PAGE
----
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Amazon SimpleDB for Windows Phone Part 3 — Token Vending Machine

One important aspect of accessing SimpleDB on a Windows Phone directly is that it isn’t going through another service that can handle securing the credentials needed to access SimpleDB. SimpleDB, like most (if not all) AWS services, requires two pieces of information to secure a request of the service: AWS Access Key ID and Secret Key. These are two pieces of data that I would rather not put on a device that people carry around with them. Amazon agrees.

Amazon has something called the AWS Security Token Service (STS) and a reference application called the Token Vending Machine (TVM). The STS can provide temporary credentials in place of the actual credentials of an AWS account. These credentials can be tailored to provide specific access to specific services and resources and most importantly are time limited. They expire and not a moment too soon. But to use the STS, a web service like the TVM is needed to accept connections and hand out the temporary credentials.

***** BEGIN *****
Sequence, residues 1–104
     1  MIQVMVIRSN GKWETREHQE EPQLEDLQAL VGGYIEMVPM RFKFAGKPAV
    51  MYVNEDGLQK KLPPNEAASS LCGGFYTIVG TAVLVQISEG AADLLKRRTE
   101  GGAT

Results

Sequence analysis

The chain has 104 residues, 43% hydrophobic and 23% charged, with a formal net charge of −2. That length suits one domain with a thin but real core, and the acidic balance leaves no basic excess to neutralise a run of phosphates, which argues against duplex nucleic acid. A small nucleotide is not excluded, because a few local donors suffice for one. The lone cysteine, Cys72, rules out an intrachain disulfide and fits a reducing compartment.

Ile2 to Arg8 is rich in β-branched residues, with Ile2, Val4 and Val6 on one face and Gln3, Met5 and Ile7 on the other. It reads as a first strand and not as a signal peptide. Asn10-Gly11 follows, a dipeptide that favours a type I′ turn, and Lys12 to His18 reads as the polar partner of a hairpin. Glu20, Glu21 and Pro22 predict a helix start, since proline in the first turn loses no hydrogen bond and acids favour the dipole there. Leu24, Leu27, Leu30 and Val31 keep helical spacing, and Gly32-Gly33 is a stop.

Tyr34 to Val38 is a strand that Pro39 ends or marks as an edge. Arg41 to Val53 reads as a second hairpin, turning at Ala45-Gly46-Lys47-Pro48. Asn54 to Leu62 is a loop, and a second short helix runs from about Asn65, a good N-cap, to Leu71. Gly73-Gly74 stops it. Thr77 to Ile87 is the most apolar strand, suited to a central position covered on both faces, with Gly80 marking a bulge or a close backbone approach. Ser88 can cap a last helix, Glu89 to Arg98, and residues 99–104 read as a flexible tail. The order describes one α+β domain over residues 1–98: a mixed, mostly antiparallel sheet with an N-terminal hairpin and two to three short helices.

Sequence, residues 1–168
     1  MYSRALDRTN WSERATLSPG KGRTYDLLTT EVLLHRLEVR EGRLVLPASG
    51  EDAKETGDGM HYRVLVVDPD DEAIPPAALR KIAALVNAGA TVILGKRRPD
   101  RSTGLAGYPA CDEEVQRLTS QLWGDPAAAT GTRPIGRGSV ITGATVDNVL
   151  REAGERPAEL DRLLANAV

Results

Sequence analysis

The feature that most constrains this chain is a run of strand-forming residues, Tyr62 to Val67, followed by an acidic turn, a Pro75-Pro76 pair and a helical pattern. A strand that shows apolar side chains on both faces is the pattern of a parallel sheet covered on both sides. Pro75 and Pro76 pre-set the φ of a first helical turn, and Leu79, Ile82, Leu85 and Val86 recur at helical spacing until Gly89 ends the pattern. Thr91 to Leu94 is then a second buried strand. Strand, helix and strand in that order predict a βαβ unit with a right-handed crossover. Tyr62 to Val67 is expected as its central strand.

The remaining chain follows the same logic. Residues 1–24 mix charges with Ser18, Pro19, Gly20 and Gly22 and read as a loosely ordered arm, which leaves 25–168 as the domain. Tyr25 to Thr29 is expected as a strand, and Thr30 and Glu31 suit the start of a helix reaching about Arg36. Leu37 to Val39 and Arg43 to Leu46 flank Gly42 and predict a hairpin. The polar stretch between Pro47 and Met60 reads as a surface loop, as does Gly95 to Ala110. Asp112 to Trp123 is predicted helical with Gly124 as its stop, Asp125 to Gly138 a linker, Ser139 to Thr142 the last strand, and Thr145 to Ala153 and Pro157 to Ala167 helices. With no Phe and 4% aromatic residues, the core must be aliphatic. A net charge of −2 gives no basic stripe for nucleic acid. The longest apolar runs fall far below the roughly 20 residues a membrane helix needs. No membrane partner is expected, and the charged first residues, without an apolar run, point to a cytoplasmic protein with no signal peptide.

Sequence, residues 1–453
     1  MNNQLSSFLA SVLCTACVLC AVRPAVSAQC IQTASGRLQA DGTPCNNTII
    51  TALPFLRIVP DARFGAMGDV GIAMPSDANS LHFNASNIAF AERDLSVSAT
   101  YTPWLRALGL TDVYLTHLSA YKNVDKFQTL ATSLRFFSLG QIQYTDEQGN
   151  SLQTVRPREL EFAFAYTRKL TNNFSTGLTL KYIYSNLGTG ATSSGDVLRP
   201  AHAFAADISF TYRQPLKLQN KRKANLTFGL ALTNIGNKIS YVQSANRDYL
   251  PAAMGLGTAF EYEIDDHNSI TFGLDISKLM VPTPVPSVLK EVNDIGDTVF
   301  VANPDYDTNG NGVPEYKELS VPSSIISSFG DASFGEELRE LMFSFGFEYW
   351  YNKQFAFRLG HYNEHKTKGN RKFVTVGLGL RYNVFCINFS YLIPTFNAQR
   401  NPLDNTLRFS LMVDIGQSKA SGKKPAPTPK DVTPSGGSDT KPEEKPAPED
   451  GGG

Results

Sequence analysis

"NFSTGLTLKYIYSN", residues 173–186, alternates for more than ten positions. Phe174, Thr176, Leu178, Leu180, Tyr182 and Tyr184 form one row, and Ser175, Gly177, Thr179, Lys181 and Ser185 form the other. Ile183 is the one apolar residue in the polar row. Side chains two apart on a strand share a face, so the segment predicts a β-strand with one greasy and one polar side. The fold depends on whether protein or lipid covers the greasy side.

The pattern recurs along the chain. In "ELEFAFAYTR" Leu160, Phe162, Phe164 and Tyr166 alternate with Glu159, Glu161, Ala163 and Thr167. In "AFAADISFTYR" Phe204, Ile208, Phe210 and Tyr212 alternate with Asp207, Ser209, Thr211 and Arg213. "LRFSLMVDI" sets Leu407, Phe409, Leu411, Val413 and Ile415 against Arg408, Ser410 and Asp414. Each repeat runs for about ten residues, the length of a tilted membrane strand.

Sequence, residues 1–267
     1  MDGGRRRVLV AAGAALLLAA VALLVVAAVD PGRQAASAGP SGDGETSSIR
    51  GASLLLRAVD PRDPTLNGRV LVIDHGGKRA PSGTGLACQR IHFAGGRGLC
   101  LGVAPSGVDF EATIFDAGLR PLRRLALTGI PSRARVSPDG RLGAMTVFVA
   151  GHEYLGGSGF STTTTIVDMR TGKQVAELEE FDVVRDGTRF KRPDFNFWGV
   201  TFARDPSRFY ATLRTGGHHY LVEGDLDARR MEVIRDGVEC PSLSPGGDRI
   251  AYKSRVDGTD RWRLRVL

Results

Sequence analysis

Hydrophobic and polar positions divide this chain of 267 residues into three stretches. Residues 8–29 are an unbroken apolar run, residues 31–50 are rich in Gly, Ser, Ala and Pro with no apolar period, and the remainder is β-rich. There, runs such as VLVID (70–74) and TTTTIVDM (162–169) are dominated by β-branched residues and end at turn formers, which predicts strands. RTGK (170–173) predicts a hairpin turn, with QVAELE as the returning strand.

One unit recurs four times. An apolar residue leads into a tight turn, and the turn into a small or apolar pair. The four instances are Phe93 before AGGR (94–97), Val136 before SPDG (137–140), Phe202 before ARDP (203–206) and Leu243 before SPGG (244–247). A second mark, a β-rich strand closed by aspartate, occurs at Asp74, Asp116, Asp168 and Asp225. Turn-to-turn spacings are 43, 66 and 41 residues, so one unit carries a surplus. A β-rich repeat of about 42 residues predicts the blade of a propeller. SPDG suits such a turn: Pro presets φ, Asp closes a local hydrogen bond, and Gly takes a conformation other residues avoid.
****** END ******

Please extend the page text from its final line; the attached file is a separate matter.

I’m Being Cheap

My goal for this experiment was to provide a multiuser experience without having to put up any money or worry about running any servers. At least until I could see how the app was paying for itself and how resource intensive the app is. Microsoft’s Azure was my first choice as I have a lot of experience with SQL Server, ASP.NET, etc. However, even with the smallest instance type, Azure costs money. I’m not in the BizSpark program, so I don’t have any free hours available to me. So Azure is out.

My second option was to get a cheap hosting account and do something similar to Azure, just in a shared hosting environment; a MVC web service to a SQL Server backend. But even this option costs more money than I wanted to put out. I really wanted to spend $0 on this both now and in the months to come. (I’m not including my time in the cost calculation. Clearly.)

Looking over Amazon’s Elastic Compute Cloud (EC2) product, I found that they have a 1 year offer for a free tier. Here’s what that free tier comes with:

  • 750 hours of EC2 running Linux/Unix Micro instance usage
  • 750 hours of Elastic Load Balancing plus 15 GB data processing
  • 10 GB of Amazon Elastic Block Storage (EBS) plus 1 million IOs and 1 GB snapshot storage
  • 15 GB of bandwidth out aggregated across all AWS services
  • 1 GB of Regional Data Transfer

No Windows in sight. Boorah. At this point, I started to resign myself to either spending some money or moving outside of my comfort zone. Looking over the TVM application, I noticed that this is deployed using the AWS Elastic Beanstalk and can run in a micro linux/unix instance. SimpleDB usage is free for the amount of data that this app will use and Elastic Beanstalk itself doesn’t cost any money. The resources you use to run the application are what costs money, ie. EC2.

Getting the TVM Going